When I first started autocrossing, a guy at the event had a T-shirt that said “If autocross were any easier it, they’d call it road racing.” After many autocross events, I went to a track day. I got out with an instructor and he asked what my experience level was. “Oh, I’ve autocrossed a bunch,” I said timidly, expecting a scoff. His reply surprised me: “Oh, good, then you’re comfortable with a car completely out of control.”
I went to a winter driving school and tried to keep up following an instructor around a small course. When we came into the finish, I noticed that he was driving on worn all season tires, while I had brand new winter treads. “How can you go so fast on those tires?” He told me, “I’m just comfortable with the grip.”
Later, I got the chance to try ice racing on a frozen lake in New Hampshire. I spent I don’t know how many hours trying to control a car on the ice. I brought one of my friends to check it out and ride along. On the way home, we were traveling briskly on a highway with an inch of snow on it. It suddenly dawned on me that I was going fast enough on the highway to make my friend nervous, and after spending a day trying to find grip on frozen water, plowed snow on pavement has a lot more traction. His perspective was definitely different from mine.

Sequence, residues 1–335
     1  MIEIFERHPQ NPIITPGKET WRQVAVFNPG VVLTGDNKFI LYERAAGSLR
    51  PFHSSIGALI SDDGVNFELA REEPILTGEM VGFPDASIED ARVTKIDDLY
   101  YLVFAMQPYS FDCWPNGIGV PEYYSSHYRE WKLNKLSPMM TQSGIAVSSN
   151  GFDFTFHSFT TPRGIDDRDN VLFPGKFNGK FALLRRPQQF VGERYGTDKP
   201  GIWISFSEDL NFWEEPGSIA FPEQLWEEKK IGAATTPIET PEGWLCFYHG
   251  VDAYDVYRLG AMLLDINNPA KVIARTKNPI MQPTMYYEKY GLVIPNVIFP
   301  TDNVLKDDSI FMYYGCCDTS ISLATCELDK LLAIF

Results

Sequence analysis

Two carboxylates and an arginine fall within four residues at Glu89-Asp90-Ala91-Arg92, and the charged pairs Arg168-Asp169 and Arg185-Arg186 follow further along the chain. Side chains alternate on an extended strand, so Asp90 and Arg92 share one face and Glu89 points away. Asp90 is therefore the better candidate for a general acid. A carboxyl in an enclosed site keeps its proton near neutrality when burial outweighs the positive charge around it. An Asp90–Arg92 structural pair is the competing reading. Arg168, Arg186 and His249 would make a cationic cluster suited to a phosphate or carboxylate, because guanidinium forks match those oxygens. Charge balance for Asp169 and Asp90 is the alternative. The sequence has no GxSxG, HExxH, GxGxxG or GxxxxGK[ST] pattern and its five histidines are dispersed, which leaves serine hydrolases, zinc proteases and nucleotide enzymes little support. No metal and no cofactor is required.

Finding perspective is good. It keeps you grounded and allows you to focus on what matters. Figuring out what’s important and what’s not, makes you a better player. As the Director of NASA Rally Sport West, I have guided quite a few teams through their first event. It always amazes me what new drivers feel is important. Things like hydraulic handbrakes, vinyl wraps, and fancy data logging and cameras. It always delights me when they finish their first event and let me know things like: A $12 tie rod almost ended their rally. Instead of spending any time at all prepping their camera mount, they should have reconsidered their skid plate mounts, which they dragged through the last two stages.
Getting started in something new, considering a change, or taking your racing game to the next level? I suggest hanging out in the pits, the service park, or scrutineering of whatever racing or class you’re considering next. What’s important here? What level of preparation is required? What are these racers doing to be competitive? Talk to people: “Hey, how did you get that Bilstein sponsorship? How is that fuel cell attached?” This will be a lot different from a post-session interview where they made it look easy, and everything went great. Focusing on the right things to be successful instead of what you see on social media.
So, when I tell folks that I spend my weekends driving 90-plus mph down dirt roads with my navigator — who also happens to be my wife — hitting jumps, rocks, and hopefully not trees, from their perspective I’m absolutely crazy. From my perspective I’m doing what I love, challenging myself, and having a blast!